It's getting to be too much. Now comes the news that NBC television has hired Jim and Tammy Baker to be consultants for its Movie of the Week, "Fall From Grace," which is one of the most famous tumblels to have occurred in the 1980s. CBS is also doing a movie about the Bakkers, "God and Greed: the Jim and Tammy Faye Bakker Story." There's a moral to this story: Scandal sells.

Actually, there seem to be several morals coming out of the televangelical scandals. One of them is that anyone who thinks, or thought, that Jim and Tammy were going to go quietly into that good night, or otherwise vanish into disgrace, is going to be dead wrong. Those two are going to be making news and comebacks, and most assuredly money, for a very long time. They have a knack for publicity and maintaining high visibility that's got to have presidential candidates writhing with envy. Of course, if any of them could persuade his wife to get tarted up like Tammy Faye, he'd get a bundle of publicity, too.

What Jim and Tammy could tell NBC movie producers that they would believe isn't clear, but perhaps NBC thinks that getting the Bakkers in as consultants will lend some authenticity to the project. Tammy wants Sally Field to play her part, and perhaps she can coach her on how to cry on cue. Tammy's got that down pat. She can do it on the air and off the air. The press tried to get some reaction from the Bakkers after the Rev. Jimmy Swaggart publicly confessed to his flock that he failed in his battle with Satan. Bakker said he was "deeply saddened" and that Tammy had cried when she'd heard the news. Bet me.

The sordid details of Swaggart's secret life are just beginning to emerge. If the early photos of his enamorata are on the mark, he stands a good chance of being spared the Penthouse and Playboy photo spreads and interviews that helped keep the Bakker saga going. Deborah Murphree is not a church secretary and she doesn't look like Jessica Hahn.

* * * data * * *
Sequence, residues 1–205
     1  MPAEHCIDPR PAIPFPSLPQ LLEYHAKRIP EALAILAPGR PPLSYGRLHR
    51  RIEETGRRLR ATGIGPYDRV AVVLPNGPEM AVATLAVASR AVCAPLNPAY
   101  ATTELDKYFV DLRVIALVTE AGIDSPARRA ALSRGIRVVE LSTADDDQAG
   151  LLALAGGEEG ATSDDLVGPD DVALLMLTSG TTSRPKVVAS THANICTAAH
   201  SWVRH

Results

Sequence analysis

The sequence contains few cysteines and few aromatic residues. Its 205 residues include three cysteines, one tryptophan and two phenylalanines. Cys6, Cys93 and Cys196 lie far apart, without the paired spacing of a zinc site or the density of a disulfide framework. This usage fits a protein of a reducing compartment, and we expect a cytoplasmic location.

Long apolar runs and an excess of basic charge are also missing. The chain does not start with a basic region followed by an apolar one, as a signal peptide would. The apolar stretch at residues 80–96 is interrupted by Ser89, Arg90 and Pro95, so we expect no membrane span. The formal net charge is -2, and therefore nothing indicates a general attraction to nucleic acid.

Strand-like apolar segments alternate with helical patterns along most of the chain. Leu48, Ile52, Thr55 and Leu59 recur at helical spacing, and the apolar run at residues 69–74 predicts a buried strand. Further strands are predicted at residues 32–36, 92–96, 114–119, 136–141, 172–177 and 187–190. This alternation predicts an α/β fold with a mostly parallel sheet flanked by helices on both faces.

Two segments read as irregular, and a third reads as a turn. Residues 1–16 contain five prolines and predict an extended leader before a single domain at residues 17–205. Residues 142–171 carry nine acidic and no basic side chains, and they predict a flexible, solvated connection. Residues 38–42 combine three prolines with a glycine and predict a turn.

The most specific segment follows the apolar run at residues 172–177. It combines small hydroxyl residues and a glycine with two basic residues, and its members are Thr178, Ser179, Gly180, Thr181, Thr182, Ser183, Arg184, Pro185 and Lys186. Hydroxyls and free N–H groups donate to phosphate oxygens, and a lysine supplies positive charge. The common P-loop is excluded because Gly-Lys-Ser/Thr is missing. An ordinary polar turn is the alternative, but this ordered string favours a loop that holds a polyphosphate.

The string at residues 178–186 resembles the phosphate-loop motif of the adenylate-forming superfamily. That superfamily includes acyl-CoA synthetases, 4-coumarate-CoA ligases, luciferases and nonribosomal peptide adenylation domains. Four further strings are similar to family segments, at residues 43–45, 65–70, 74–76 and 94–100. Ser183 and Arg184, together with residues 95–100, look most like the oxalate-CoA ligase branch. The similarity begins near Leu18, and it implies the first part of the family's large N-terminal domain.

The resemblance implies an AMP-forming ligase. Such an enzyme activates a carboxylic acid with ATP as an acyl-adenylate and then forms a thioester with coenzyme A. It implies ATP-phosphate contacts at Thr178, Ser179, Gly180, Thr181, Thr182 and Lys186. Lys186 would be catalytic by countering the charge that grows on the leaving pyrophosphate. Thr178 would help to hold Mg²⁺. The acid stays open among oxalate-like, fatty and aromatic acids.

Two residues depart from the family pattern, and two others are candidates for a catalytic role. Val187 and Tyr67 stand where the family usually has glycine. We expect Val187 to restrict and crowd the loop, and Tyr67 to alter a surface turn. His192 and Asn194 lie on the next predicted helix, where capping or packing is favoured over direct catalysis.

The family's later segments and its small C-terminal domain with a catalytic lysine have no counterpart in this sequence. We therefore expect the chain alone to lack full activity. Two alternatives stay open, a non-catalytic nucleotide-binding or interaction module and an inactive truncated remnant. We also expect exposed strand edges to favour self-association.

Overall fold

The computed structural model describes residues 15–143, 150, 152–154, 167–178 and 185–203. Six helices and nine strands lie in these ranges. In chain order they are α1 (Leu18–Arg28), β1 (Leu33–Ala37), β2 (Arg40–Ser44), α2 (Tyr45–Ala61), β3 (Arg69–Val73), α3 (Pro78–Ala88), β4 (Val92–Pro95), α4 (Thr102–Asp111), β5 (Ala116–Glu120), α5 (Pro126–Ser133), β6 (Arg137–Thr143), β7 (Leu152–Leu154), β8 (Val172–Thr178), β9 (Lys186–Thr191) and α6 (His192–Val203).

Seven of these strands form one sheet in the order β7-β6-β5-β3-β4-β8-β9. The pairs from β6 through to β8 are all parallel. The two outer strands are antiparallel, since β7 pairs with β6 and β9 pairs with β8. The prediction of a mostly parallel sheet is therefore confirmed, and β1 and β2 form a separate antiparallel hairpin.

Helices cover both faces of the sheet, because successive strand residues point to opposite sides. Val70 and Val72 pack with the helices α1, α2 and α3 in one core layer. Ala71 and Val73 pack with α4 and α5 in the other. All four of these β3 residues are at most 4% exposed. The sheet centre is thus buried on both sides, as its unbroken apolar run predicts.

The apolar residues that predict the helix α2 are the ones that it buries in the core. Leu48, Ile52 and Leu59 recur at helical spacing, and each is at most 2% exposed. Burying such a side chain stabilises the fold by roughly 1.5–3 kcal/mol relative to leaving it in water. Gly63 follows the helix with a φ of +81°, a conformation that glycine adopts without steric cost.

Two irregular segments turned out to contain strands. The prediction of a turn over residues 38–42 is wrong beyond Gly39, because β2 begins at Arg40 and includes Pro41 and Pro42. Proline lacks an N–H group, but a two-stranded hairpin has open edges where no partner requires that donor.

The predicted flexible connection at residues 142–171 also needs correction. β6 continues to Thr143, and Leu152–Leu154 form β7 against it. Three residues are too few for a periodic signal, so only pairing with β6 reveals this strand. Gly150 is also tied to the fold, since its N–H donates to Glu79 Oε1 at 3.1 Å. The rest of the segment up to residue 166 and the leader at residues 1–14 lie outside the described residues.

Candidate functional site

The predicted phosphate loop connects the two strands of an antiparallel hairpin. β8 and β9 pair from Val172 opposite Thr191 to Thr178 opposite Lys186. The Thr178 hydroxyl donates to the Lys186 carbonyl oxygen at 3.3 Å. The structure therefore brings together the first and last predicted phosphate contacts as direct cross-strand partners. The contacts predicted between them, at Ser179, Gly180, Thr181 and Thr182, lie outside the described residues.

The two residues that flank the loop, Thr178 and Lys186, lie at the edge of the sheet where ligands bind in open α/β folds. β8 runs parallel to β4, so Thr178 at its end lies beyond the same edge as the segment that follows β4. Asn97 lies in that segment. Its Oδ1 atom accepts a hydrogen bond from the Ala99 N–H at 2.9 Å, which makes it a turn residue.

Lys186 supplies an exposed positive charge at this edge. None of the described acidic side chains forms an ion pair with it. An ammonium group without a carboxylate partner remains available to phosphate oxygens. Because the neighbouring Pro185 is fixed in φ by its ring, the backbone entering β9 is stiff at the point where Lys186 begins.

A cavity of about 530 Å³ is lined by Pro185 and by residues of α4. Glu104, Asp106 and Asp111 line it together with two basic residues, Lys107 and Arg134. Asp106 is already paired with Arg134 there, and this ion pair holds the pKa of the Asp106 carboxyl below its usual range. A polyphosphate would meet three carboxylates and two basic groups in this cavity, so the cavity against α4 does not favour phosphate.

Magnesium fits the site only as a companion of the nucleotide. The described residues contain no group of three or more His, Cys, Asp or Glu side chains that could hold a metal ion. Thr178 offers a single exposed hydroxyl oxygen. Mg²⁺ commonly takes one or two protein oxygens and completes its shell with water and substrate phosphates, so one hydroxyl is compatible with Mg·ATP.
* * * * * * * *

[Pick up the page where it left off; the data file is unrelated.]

One thing that seems strikingly clear about both Swaggart and Bakker is that both of those Bible-thumping churchmen have serious problems with women and sex. Jessica Hahn's account of her encounter with Bakker -- if it is true -- leaves the reader with the distinct impression that this is a man who is probably incapable of a loving, sexual relationship.

Sources close to the Assemblies of God inquiry into Swaggarts downfall have said that he has been battling a fascination with pornography and pornographic literature that goes back to his boyhood. What actually transpired when he met with prostitutes is still not clear. Nor is it clear what is meant in this situation by pornography. Assemblies of God fundamentalists, and others, have made the war against pornography a centerpiece of their movement. Fundamentalists were behind the campaigns to foroce stores to stop selling Playboy and Penthouse. Those are not the folks known for drawing fine lines of distinction when they are on the attack. So, who knows? Swaggart's battle with the devil may have been over his reading of Playboy.

Christian fundamentalists have been the heart and soul behind efforts to keep sex education out of the schools, and, failing that, to force schools to preach abstinence. Adultery and promiscuity are right up there alongside communism and godlessness on the list of deadly sins. Those are people who have a quaint, old-fashioned idea about fidelity in marriage. Swaggart made a living preaching against lust. He wrote in his autobiography that the Lord gave him his calling when he was a mere 9 years old, right about the time he apparently began his battle with the forces of evil. A psychiatrist could have a field day with that.

So another moral to come out of the religious scandals may be that it is wise to wonder about people who become obsessed with the evils of sex. What are they afraid of, and why? Or, put another way, people who try to repress normal patterns of human behavior are going to find it emerging in abnormal ways. For Swaggart, his obsession took him into some of the seediest sections of New Orleans in quests that threatened to expose him and topple hime from the most powerful -- not to mention profitable -- teleministry going in America.

He's now scheduled to undergo a period of counseling and rehabilitation. That's a natural sequel to his autobiography. ABC can grab his story for a piece of the action on the televangelical scandals. And in a year or two, Swaggart can be back preaching again and passing the collection plate. The final moral of the story is that there is no such thing as disgrace anymore.